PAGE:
• Maryam Fatima

We Need to Talk About the Oppression of Muslims in China

Updated: Sep 11, 2020

I am enraged at the Chinese government for a number of reasons.

First, it was their mishandling of COVID-19 and their utter failure to maintain the virus. They had the audacity to lie about its danger and contagious nature to the world, attempted to silence whistleblowers, and failed to take the cautionary steps to maintain it within its borders. Now COVID-19 is a virus that has swept the entire world, devastated economies, infected over 17 million people, and killed nearly 700 thousand.

But my frustration towards China doesn't end there, of course. Their crimes against the Uighurs, a predominantly Muslim ethnic minority that resides in the province of Xinjiang, is probably what angers me the most at the moment.

Back in November, a girl named Feroza Aziz posted a video to her TikTok account of what appeared to be a guide on how to curl your eyelashes. While the first few seconds of the video started off with her demonstrating how to use an eyelash curler, she then abruptly puts the curler down and tells her followers to look up what's been happening to Muslims in China, urging them to spread awareness. Her account was suspended only a few days later, but not before receiving widespread attention.

Since 2017, as many as two million Muslims have been detained by Xinjiang officials and kept in what the government refers to as "reeducation camps." However, the vast majority of these Muslims are detained for no real crimes, but for doing things like attending services at mosques, sending texts with Quranic verses, having more than three children, or contacting people from Muslim-majority countries like Turkey and Afghanistan, just to name a few.

Not much government information has been revealed about what goes on in these camps, so journalists have had to rely mostly on interviews from former detainees and other Uighurs living in the region. According to these interviews, Muslims are being rounded up and placed in large detention centers, where they are tortured for months, endure forced labor and coerced into eating pork, drinking alcohol, and ultimately giving up their language and religious identity. They are susceptible to brainwashing and often endure beatings, unhygienic conditions, inadequate access to food and water, and according to some, are subjected to harassment and sexual assault. Additionally, women are forbidden from wearing religious head coverings and men from growing long beards. Dozens of mosques have also been demolished or vandalized.

If the aforementioned list wasn’t horrifying enough, China has also been accused of slashing birth rates among Uighurs by forcing women to take contraceptives and to have abortions, even as members of the Han majority are encouraged to have more children. It is absolutely despicable. Some people are even referring to it as a genocide.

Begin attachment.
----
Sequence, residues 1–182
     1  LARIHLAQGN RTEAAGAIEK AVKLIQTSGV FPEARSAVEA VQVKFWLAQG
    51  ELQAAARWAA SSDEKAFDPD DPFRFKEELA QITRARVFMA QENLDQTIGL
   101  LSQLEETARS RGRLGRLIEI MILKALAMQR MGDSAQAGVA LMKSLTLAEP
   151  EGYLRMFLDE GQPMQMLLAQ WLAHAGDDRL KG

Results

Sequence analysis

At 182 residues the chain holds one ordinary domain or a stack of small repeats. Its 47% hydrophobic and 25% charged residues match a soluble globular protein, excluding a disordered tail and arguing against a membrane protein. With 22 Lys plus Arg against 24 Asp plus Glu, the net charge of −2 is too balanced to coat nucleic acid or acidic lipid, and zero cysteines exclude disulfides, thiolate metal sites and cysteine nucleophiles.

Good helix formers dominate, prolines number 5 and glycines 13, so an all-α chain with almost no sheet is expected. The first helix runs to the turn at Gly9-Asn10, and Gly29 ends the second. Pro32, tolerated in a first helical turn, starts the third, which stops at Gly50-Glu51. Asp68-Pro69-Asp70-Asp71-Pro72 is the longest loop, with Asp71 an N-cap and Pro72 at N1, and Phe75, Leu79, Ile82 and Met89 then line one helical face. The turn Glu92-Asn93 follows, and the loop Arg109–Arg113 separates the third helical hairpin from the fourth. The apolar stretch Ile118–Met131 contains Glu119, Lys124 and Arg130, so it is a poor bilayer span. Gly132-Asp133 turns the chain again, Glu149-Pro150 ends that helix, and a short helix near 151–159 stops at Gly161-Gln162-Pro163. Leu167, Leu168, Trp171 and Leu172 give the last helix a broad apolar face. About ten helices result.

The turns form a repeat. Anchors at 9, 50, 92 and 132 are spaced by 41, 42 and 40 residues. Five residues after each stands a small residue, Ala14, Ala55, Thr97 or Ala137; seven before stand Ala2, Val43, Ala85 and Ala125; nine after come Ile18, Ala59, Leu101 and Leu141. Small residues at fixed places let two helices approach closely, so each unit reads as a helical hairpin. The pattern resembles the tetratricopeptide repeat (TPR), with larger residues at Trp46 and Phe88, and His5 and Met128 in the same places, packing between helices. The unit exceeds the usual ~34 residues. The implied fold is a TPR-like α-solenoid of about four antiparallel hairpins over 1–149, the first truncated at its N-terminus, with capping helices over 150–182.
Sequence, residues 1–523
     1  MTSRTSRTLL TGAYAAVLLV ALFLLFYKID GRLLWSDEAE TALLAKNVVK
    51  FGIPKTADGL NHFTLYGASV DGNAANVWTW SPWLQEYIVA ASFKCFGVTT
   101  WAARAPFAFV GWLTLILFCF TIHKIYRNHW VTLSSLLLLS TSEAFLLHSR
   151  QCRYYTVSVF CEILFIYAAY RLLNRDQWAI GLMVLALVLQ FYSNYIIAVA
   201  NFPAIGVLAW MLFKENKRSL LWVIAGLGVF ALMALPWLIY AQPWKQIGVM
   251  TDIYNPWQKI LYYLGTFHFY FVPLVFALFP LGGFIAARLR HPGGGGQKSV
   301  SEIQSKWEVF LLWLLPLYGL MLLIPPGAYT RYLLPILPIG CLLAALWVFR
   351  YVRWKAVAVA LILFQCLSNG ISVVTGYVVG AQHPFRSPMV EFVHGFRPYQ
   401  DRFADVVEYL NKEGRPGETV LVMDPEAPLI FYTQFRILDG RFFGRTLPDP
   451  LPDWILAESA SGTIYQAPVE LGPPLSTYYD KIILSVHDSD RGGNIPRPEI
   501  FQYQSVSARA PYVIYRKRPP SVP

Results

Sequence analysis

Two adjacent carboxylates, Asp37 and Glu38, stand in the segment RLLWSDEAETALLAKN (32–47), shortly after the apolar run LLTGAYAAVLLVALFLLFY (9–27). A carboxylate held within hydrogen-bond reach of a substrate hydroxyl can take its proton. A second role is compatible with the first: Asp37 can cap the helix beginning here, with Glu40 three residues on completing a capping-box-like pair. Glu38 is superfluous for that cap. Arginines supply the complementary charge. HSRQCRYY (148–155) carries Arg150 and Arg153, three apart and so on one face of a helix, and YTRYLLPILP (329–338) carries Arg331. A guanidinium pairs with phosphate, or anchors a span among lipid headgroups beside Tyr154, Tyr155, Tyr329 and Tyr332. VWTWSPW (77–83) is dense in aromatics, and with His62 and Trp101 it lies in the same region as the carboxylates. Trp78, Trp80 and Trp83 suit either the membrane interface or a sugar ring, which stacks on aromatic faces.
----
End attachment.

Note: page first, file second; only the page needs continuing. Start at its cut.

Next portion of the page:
Yet despite so many victims coming forward and an increasing number of reports revealing evidence of China’s abusive practices, the Chinese government has denied many of these claims and insists that these are merely fabrications being pushed by the media. Instead, they try to justify the use of these camps by referring to them as part of a series of “counterterrorism measures.”

While it is true that terrorist attacks have been carried out by Uighurs in the past, it was done by an extremely small minority and in no way reflects the views of the majority of Muslims. Plus, counterterrorism does not justify the repression of an entire group of people. It does not excuse forced sterilizations, separating parents from their children, or making people give up their entire cultural and religious identity.

Fortunately, the widespread attention this issue has received has prompted countries to take action. For example, President Donald Trump recently signed legislation that imposes sanctions on those responsible for the crimes against the Uighurs, and at least 22 other countries have condemned China's actions in a joint statement by the United Nations.

Although I am grateful to hear that our world leaders have been speaking out against China, we still have a long way to go to ensure that things actually change for Uighur Muslims. Millions are still locked up in internment camps and are subjected to unknown levels of torture, so I implore anyone who’s reading this to not take this issue lightly.

Please continue to spread awareness on what’s happening in China. We cannot let the Uighurs be forgotten about.

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